Chicken owners in Red Hook whose backyard flooded during the storm were obliged to relocate their feathered pets indoors, with quirky if malodorous results. The chickens—one of whom is named Chicki Minaj—were eventually returned to their outdoor lot, where they encountered another chicken whose owner was unable to care for it. But according to yet another chicken-centric piece in the Times, that chicken, Cindy, has since disappeared, and may be wandering the flood-damaged streets of Red Hook as we speak.
The inaugural DNAinfo site has been a hit in New York in terms of traffic, buzz and newsbreaks.
It has yet to be seen whether the site is making any money from its hybrid business model of hyperlocal display advertising and additional revenue streams like sponsored events.
"Small Business Insider," which launched today, is "a premium video series that highlights the city’s most innovative and unique neighborhood businesses," according to a press release.
Ricketts is somewhat enigmatic. He’s not a recluse, but he seldom gives interviews, preferring instead to speak to his public, such as it is, directly, either through occasional blog posts on his personal website, or the professionally edited shorts that reside on his YoutTube channel. He is not a player in the digital media scene; not among its savants, its big-name consultants or its bankrollers, whether they’re do-good charities or venture firms. He is active in politics, but he pays into his political activities directly; there is no discernible political agenda to DNAinfo, and if anything the site seems to skew against determining the course of the conversation, focusing instead on breaking straight news and saturating at the pavement rather than the council chamber and the executive offices of government or the boardrooms of the city’s power elites.
The news that a New Jersey man has claimed to have murdered Etan Patz on May 25, 1979, a date that became known as National Missing Children’s Day in his memory, came too late, or too early, for today's newspapers. The question is whether the story will remain big enough for tomorrow's.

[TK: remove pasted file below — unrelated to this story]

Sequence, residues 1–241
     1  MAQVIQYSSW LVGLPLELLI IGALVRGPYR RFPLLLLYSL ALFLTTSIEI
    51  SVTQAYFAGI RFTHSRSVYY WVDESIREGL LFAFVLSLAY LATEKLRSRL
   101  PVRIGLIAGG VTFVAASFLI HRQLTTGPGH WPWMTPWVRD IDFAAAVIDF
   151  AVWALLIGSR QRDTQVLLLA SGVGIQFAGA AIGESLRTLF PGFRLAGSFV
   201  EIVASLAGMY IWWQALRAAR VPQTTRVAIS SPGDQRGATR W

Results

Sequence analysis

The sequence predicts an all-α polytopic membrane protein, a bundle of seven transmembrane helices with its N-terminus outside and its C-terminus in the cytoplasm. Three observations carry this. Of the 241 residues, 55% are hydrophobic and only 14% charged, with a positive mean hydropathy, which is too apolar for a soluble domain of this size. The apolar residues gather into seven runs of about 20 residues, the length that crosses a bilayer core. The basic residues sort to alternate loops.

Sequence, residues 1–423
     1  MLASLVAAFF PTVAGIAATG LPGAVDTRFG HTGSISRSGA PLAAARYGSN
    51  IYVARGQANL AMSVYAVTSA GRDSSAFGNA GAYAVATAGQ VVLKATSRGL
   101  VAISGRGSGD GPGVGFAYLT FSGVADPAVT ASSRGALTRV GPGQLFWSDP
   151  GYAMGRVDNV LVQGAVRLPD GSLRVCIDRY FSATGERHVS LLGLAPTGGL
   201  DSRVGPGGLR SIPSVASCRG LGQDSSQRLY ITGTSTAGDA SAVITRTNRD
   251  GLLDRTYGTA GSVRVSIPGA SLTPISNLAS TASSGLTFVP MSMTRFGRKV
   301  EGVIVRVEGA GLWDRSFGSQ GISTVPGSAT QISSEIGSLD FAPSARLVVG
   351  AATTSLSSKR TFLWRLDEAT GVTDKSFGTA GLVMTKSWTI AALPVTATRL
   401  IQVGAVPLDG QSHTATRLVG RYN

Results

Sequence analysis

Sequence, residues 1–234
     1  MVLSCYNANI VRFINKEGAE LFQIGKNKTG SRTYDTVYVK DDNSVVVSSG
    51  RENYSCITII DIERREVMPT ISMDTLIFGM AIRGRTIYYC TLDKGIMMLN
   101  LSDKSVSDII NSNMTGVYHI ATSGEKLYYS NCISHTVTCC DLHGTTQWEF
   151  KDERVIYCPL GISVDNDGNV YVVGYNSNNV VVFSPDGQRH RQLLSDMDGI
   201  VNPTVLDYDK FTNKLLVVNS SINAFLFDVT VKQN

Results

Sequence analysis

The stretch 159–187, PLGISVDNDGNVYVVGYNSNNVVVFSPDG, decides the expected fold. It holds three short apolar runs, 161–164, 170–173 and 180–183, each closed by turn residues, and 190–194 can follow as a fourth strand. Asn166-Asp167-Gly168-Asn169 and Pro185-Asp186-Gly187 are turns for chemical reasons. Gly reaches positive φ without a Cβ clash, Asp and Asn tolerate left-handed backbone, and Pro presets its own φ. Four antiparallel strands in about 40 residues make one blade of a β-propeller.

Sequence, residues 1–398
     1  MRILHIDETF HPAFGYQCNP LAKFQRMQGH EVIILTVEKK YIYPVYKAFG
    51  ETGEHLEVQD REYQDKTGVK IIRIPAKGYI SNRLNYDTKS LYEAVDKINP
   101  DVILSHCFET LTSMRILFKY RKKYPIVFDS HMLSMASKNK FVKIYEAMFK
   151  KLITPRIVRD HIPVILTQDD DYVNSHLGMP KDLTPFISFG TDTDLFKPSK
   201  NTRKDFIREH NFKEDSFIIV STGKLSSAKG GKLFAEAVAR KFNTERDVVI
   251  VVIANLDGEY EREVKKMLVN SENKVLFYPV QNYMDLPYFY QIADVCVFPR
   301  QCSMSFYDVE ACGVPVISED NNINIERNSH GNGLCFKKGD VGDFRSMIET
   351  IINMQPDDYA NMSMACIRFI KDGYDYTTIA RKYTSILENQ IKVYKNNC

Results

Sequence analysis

Ricketts tells his staff in the memo, obtained by Capital, that "although I feel a strong obligation as a citizen to engage politically in support of the principles I hold dear, I feel equally strongly that my personal politics should have absolutely no impact on your work as objective, fair-minded journalists." Whole thing after the jump.
One thing not mentioned in today's bombshell article in The New York Times about billionaire Joe Ricketts, the man behind a Super PAC campaign to revive the issue of pastor Jeremiah Wright in the 2012 election cycle?(2)
The insurgent and curiously-named local news site picked up six wins in the annual journalism competition. That's more than any other outlet except for the Associated Press, which also won in six categories, including the topmost Golden Keyboard Award for its series on the NYPD's conterversial Muslim surveillance program.
Reporter Murray Weiss sticks by his story about John Edwards and the soccer-mom madam as former senator's attorneys threaten
John Edwards' attorneys have threatened litigation against local news website DNAinfo after the site published a report Thursday about the former senator and presidential candidate, according to the site's managing editor Michael Ventura. Crime and investigative reporter Murray Weiss reported that a prostitute working with soccer-mom Madam Anna Gristina told investigators probing Gristina's operation that the former senator and presidential candidate engaged her services during a fund-raising visit to New York in 2007. “Mr. Edwards categorically denies that he was involved with any prostitute or service," one of his attorneys said in a statement yesterday.
After beating both tabloids to the tale of Madam Gristina, DNAinfo has the 'News' and 'Post' in a sweat
DNAinfo's 30-person staff includes half a dozen refugees from the tabloids, said de Kretser, including Weiss, who stunned media watchers when he suddenly left the Post after 25 years in June of 2010 only to resurface at a curiously named website that no one had heard of.
De Kretser herself is a former Post staffer, and recently nabbed another veteran of her erstwhile employer, William Gorta, to join her growing stable of web journalists.
Gorta's final week at the Post is turning out to be an eventful one: A scene of "consternation" in the newsroom yesterday was described to Capital by people familiar with the situation.
With varying levels of triumphalism and caution, local news sifts through newly released (and controversial) teacher rankings
Manhattan Institute's Marcus Winters argued in a piece in the News, which published only some of the data: "What’s important now is that New Yorkers read them cautiously. Unfortunately, not everyone is likely to heed this advice."